Thomas More (1477-1535) introduced utopia to the western imagination in 1516 by means of a play on words halfway between outopos (non-place) and eutopos (good place). This refers to a perfect place, like nowhere in this world, which consists of two essential concepts. The first is isolation. More describes the extraordinary technological effort of Utopus, the mythical creator of Utopia, to eliminate the fifteen miles of land that joined the peninsula of Abraxas to the continent, thus laying the foundations to his island. This is a non-place, outopos, which is delimited by the sea; this geographical peculiarity is combined in the second place with the elimination of differences, in which the answer to all conflicts can be located. An overwhelming social homogeneity is transferable to the form of the city: "Anyone who knows one of the cities will know them all, as they are all the same as far as the conditions of the terrain allow."
To define the contemporary privatopia we must move to the United States of America, in a socioeconomic context characterized by the disappearance of the welfare state in the jaws of rampant late capitalism, and the ruin of the political panorama after the assassination of Kennedy in 1963 and the Watergate scandal that came to light a decade later. Privatopia arose in the North American literature to designate any exclusive urban development segregated from the public domain. In contrast to the wards of Jefferson, republics in miniature in which the architect-president laid the foundations of his nation in the 18th century, the principle of political cohesion withdrew hastily in the last three decades of the 20th century.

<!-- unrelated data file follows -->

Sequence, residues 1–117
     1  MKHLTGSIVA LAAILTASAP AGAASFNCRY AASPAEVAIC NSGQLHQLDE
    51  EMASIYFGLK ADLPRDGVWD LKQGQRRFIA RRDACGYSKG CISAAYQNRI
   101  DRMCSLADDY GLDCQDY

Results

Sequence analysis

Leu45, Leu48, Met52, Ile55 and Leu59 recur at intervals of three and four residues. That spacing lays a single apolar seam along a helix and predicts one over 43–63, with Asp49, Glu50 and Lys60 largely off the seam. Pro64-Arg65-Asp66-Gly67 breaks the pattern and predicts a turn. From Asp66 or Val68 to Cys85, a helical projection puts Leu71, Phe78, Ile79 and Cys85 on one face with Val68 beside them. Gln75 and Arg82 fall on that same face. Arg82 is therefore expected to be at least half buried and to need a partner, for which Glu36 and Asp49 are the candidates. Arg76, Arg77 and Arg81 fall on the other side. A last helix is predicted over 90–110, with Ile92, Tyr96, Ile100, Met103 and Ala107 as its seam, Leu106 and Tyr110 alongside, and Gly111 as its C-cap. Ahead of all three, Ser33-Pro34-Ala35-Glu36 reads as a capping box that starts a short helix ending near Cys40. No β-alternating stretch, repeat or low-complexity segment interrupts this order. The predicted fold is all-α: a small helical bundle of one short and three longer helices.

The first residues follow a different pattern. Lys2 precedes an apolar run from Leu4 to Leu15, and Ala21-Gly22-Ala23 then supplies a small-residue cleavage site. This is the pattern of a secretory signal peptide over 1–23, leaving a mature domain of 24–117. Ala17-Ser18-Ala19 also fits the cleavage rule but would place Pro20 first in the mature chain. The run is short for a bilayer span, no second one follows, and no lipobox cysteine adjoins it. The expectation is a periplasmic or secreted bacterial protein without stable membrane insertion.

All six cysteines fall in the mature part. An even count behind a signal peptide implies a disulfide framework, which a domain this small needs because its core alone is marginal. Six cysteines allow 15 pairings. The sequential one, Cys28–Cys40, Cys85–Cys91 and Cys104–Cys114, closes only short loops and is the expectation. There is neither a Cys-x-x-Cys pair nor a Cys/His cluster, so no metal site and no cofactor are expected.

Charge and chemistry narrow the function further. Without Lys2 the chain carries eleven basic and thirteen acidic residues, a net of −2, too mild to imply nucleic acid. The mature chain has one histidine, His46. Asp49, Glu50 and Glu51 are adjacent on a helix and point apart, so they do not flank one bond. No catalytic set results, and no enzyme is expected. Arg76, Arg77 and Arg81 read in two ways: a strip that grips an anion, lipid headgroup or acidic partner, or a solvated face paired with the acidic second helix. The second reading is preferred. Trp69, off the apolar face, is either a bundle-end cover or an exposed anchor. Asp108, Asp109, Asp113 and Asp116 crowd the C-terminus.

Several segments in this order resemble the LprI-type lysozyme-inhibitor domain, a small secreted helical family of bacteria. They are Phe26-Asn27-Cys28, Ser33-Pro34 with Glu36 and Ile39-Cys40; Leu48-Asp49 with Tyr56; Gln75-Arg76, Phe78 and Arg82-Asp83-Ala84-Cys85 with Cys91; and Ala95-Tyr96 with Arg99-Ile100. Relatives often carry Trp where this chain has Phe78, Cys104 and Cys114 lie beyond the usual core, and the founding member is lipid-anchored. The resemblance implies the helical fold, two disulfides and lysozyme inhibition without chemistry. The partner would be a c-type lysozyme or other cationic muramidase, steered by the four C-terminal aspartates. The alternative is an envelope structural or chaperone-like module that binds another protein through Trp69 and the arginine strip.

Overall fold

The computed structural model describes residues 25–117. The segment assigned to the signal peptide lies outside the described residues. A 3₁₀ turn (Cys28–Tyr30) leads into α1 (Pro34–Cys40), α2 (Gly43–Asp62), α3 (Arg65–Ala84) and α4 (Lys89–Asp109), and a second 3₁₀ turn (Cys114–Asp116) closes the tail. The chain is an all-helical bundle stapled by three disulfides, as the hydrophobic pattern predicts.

The economic deregulation of late capitalism provoked the collapse of what is public, to which privatopias offer an extremely effective remedy, which is based on the sublimation of life in a community, defended among others by Robert Park and John Dewey against the industrial metropolis. Privatopias offer above all protection, and after the manner of Utopus they manage to separate what is dystopian by the establishing of clearly defined limits: Armor-plated perimeters that exclude beastliness and protect bestliness.
After this, privatopias used the subterfuge of social peace to guarantee a tight rein on individuality by means of standards of behavior that are formal, objective, and easily understandable, and are established as simple clauses in the sales contracts of the homes. In effect, the equality that More sought is finally attained through the triumph of introspection. The price to pay has been fully assumed: Fear and exclusion are free.
Ewan McKenzie is a lecturer in political science at the University of Illinois in Chicago. As an expert on the Constitution of the United States and on civil liberties, McKenzie specializes in the study of Homeowners Associations, the dissemination of which has been unstoppable in the United States during the last quarter of the 20th century.
- McKENZIE, Ewan. Privatopia: Homeowners Associations end the Rise of Residential Private Government. New Haven: Yale University Press, 1994.
- FISHMAN, Robert. Bourgeois Utopias: The Rise and Fall of Suburbia. New York: Basic Books, 1987.
- PARKER, Martin (ed.). Utopia and Organization. Oxford: Blackwell Publishing / The Sociological Review, 2002.